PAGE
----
The portrayal of lesbian, bisexual, and transgender women on U.S. television in 2015-2016 has received an intense amount of recent criticism from media outlets such as Variety, Vanity Fair, Entertainment Weekly, and The Hollywood Reporter in the first half of 2016 alone. If consumer audiences looking for the “L,” “B,” and “T” parts of the LGBT+ spectrum cannot turn to their television for reoccurring and accurate representation, perhaps they can turn to online web shows for their binge-watching needs.
In a real world where the LGBT+ community has plenty of non-fictitious trouble to worry about, poor representation and an overwhelming number of LBT deaths in that world of mainstream entertainment only adds to the perception that to live as an LGBT+ person is to experience tragedy and heartbreak. In response, LGBT+ artists are creating independent web shows that showcase LGBT+ content and stories.
LGBT+ characters die so often on television that it is even a trope: Bury Your Gays.
The conversation about queer, fictional women on U.S. television becomes serious when the real-life repercussions of poor fictional representation include anti-LGBT+ legislation in North Carolina and a shooting last month at Pulse, a gay nightclub in Florida, among other violent acts against LGBT+ people. Autostraddle recently published a list of “every television death of an OPENLY lesbian or bisexual or queer female character on a television show” since 1976 ; and in 2015-2016 a full 10 percent of TV character deaths were queer women, reported Caroline Framke of Vox, which published this handy chart of all the TV character deaths of 2015-2016 season. Framke writes that death toll for queer women characters on TV “is astonishing given how few of them recur on shows in general.”
The following web series, created by teams of diverse women for women, do what simple, critical thing television has not for lesbian, bisexual, and transgender women: provide an opportunity to begin to think about the happiness of LBT women.
1. Her Story (2015)
Her Story is a 6-episode drama web series following the lives of Paige (Angelica Ross) and Violet (Jen Richards), two transgender women navigating love and friendship, identity and intersectionality, and the LGBT community. Her Story has received rave reviews from media outlets such as Pride, Buzzfeed, and Autostraddle. Its visibility reached new heights when it received an Emmy nod earlier this month. Her Story is particularly groundbreaking in that it features transgender actresses as transgender characters and features mainly LGBT+ women on-screen and off-screen in its production crew. Her Story is co-written by Jen Richards and Laura Zak, directed by Sydney Freehand, and produced by Katherine Fisher/Speed of Joy Productions, with cinematography by Bérénice Eveno.
2. Dyke Central (2012-2016)
Dyke Central is a 10-episode dramedy web series set in Oakland, California. It focuses on the daily dilemmas of roommates Alex (Tai Rockett) and Gin (Giovannie Espirituand). Dyke Central serves up drama and comedy with plenty of nuance to boot, and was been recognized by Autostraddle and Fusion for its diverse cast and praiseworthy representation of the LGBT+ community in the Bay Area. Dyke Central is created, written and directed by Florencia Manovil, with cinematography by Kristina Willemse.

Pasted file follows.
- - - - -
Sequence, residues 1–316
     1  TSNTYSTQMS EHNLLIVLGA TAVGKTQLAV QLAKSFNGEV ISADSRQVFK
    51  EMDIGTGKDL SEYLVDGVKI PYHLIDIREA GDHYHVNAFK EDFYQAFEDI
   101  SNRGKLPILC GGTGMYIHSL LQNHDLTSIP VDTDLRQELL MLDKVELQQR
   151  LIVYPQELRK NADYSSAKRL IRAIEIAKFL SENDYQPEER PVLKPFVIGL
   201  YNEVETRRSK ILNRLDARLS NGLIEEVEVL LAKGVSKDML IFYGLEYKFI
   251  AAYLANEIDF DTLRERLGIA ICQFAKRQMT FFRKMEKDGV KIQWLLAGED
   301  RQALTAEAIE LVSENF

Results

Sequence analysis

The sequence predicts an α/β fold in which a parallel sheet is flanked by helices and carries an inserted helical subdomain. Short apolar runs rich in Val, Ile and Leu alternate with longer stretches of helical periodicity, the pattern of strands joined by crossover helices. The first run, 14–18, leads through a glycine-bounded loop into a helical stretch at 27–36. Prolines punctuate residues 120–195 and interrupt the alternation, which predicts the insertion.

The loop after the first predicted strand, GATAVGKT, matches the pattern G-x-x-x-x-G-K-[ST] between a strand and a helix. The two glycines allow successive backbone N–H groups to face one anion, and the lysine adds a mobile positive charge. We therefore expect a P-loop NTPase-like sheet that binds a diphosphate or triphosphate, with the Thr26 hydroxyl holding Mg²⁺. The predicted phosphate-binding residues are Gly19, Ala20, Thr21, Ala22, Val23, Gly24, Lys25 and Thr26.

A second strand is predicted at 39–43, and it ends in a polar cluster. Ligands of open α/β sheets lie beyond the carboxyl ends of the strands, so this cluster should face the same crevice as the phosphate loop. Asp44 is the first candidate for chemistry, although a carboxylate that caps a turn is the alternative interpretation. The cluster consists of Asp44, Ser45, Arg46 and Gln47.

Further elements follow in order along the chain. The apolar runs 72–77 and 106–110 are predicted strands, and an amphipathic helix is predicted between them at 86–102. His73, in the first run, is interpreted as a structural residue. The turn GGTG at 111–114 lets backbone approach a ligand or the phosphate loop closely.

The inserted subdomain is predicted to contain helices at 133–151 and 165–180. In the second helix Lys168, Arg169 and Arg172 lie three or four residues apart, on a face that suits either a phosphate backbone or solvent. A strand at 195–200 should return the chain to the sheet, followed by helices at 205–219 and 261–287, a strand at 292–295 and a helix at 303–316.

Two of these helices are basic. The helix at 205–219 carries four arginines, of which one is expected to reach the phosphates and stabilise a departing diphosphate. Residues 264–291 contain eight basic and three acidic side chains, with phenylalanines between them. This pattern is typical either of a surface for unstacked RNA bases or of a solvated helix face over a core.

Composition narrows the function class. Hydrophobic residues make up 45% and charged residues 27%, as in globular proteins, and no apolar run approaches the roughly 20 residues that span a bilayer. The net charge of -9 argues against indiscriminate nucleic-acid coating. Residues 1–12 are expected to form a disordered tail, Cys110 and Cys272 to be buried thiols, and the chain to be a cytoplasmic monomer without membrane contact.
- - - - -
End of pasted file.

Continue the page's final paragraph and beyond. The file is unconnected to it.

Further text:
3. The Better Half (2014)
The Better Half is a 5-episode dramedy web series created by and starring Lindsay Hicks and Amy Lewis Jackson as a lesbian couple determined to push through the doldrums and dry spells in their relationship. The series aims to break down stereotypes and clichés about lesbian relationships, all the while maintaining a balanced portray of the comedic and the more serious parts of any committed relationship. The Better Half is created and written by Lindsey Hicks, Leyla Perez, and Christine Ng, directed by Leyla Perez, and produced by Theodora Dunlap and Leyla Perez, with cinematography by Christine Ng.
Episodes 1-5 of The Better Half are available for rental or purchase on Vimeo on Demand.
4. Carmilla (2014-2016)
Carmilla, recently green-lit for a third season, consists of a 72 episode-long supernatural dramedy adaptation of the Gothic novel (1981-82) of the same name by Joseph Sheridan Le Fanu. This modern retelling centers on Laura (Elise Bauman), a college student at the mysterious fictional Silas University, and her equally mysterious new roommate, Carmilla (Natasha Negovanlis). The series is staged as an ongoing record of mock video journals, or vlogs, kept by Laura as she records her tumultuous relationship with Carmilla and the ongoing, disturbing events taking place at her university. Carmilla is a Canadian web series created by Jordan Hall and Ellen Simpson.
All episodes of Carmilla are available on YouTube.
We know there are more great web shows featuring LGBT+ content. What are your favorites? Share them with us on Twitter @ ROOSTERGNN.
She has worked as an editor of two student-run academic journals as well as a founder, editor, and writer for PACE, a LGBTQ+ zine. She has the same objective in her professional, creative, and academic life: to educate through finding and telling stories.
Kaley has been published in Teen Ink and Glitterwolf.
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